Hydraulic pressure is what does all the work on the frac site. To move the amount of rock that needs to be moved requires a high level of pressure in order to get the work done.
Using that pressure effectively is a dangerous combination of precision control and attention to detail. Pressures used can rise as high as 15,000 psi in pumping. High pressures like that leave little room for error.
Preventing Flow Line Rupture
One major concern when considering pressures that high are the lines that carry the hydraulic fluids. When one of them has a rupture, the results can be catastrophic.
Flow line rupture is not a common occurrence. When it does happen not only can equipment be damaged as a result, but lives can be lost due to the amazing dynamic forces that are released when a fluid under that high of a pressure is quickly discharged out of line.
One method used to mitigate the threat of a flow line rupture is a Flow Line Safety Restraint system. Systems like this are referred to as dynamic restraint systems because they are used to reduce the dynamic, or moving, forces that are released during a rupture. If you are planning to implement one of these systems, there are some things to consider.
What is the Dynamic Capability of the System?
The goal of a dynamic restraint is to absorb and reduce the amount of force generated by a rupture. The restraints accomplish this by using high strength straps made of material that can dissipate the energy released when a rupture occurs. The straps are attached all along the length of the flow system and are then anchored to hold them in place. The dynamic capability is just how much energy the system can dissipate.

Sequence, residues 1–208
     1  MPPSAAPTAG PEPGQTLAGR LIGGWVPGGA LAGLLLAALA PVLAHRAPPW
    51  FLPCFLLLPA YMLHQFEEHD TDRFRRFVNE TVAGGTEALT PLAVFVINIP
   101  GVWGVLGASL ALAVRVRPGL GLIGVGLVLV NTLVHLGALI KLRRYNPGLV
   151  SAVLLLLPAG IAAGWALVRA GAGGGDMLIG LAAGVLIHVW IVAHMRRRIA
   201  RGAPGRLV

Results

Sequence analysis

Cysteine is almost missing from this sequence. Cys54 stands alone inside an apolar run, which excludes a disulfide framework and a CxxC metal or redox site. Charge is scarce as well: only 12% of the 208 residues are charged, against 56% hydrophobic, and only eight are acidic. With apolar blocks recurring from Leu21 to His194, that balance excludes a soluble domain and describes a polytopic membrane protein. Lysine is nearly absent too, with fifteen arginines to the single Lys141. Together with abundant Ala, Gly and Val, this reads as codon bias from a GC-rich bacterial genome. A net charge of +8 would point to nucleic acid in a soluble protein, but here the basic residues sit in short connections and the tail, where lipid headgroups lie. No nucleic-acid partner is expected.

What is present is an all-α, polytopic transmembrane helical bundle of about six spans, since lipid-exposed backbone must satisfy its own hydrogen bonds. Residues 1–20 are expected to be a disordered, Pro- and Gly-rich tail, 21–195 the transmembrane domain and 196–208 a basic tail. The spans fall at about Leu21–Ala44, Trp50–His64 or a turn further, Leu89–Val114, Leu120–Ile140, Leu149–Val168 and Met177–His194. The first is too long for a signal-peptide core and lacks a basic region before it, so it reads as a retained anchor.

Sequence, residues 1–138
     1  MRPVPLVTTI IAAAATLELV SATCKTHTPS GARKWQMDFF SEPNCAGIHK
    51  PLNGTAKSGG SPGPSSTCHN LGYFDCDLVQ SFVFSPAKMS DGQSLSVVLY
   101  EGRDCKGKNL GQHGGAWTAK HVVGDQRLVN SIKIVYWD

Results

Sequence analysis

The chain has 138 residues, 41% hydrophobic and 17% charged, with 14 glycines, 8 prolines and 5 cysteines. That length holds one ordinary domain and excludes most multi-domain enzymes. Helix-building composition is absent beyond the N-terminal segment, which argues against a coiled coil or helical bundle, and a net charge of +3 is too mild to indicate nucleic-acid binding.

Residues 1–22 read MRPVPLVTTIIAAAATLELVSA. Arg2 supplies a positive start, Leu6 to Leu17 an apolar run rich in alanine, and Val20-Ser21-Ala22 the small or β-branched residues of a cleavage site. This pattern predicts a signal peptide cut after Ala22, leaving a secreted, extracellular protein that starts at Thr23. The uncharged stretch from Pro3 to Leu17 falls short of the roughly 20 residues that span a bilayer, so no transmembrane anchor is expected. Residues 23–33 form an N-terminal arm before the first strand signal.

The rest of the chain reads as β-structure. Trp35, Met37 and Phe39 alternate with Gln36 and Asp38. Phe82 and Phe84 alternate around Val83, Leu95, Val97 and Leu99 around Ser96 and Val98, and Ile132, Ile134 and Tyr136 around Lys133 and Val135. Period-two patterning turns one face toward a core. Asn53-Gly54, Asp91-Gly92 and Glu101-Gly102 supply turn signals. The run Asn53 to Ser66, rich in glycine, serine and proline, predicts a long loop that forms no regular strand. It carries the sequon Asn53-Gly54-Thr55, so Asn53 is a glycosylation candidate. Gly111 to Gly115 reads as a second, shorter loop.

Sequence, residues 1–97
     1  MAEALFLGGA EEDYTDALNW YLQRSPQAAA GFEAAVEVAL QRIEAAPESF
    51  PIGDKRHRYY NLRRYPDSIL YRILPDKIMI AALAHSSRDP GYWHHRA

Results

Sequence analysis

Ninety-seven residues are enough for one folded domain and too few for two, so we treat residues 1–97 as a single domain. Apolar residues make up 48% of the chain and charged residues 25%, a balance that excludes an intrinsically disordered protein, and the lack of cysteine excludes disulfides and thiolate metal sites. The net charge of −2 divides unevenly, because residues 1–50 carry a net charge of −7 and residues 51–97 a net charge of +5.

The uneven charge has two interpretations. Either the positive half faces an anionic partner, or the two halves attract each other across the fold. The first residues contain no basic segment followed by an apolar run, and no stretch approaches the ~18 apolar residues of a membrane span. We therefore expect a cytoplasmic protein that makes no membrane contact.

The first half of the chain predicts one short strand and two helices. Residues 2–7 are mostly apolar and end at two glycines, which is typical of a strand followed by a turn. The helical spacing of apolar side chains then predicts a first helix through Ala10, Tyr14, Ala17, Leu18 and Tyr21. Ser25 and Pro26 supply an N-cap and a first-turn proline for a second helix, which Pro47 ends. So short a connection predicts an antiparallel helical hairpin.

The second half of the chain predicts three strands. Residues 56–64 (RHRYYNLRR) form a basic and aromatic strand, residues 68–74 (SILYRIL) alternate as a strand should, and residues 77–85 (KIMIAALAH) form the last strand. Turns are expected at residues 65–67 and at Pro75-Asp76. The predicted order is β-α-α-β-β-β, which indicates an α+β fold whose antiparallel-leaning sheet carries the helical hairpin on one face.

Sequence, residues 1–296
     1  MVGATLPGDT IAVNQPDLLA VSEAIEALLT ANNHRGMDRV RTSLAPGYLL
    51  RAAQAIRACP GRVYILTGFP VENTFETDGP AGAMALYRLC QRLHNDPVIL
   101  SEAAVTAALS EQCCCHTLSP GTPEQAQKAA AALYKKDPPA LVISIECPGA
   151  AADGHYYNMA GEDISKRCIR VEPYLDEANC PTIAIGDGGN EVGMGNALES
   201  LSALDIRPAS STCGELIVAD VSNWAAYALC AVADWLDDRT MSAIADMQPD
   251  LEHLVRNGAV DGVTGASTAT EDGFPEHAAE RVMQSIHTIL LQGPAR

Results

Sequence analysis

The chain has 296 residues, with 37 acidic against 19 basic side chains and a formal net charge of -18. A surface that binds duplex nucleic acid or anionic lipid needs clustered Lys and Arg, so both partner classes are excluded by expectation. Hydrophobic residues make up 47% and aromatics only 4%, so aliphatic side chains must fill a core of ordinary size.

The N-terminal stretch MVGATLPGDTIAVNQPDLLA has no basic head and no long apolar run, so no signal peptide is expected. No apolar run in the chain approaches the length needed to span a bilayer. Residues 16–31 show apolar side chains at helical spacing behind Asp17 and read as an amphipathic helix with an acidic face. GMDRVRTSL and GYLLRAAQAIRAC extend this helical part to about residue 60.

Ways to Increase Energy Dissipation
There are two major ways to increase the amount of energy a dynamic restraint can dissipate. You can increase the amount of elongation that occurs, or increase the minimum breaking strength of the straps. Either one will allow you to dissipate more energy during a rupture.
Remember, that there is a linear relationship between these values and the remaining energy released. Doubling either one will halve the rupture energy released, reducing the danger and potential damage done.
Check Material Compatibility
When choosing a system, remember to consider what it is made out of. If the straps are made of a polymer that will degrade when it comes into contact with your fracking fluids, it is probably not the best choice for your application. Make sure to check its potential reactions with other worksite chemicals as well. Pump oils or lubricants might also compromise the system.
Also check the temperature curve associated with the system. Restraint system performance may degrade if subjected to extreme temperatures. If your worksite experiences temperatures outside the operating range, choose another material for the system.
Maintenance and Inspection
Once your system is selected and installed, set up a regular inspection and maintenance plan to ensure peak operating efficiency. Guidelines on how often the inspection should be done are typically provided by the manufacturer.
Each of the straps should have some identifying serial numbers that can be used to track the inspections. Keep careful records of when inspections are done and any findings during the inspection. Review of these items can provide information as to the health of your restraint system and when replacements may need to occur.
Other systems such as automated relief valve control systems can also mitigate flow line ruptures. Remember, before choosing or installing a system, do a thorough analysis of your work site and the options available to you. This will allow you to provide the most protection for your workers and equipment on site.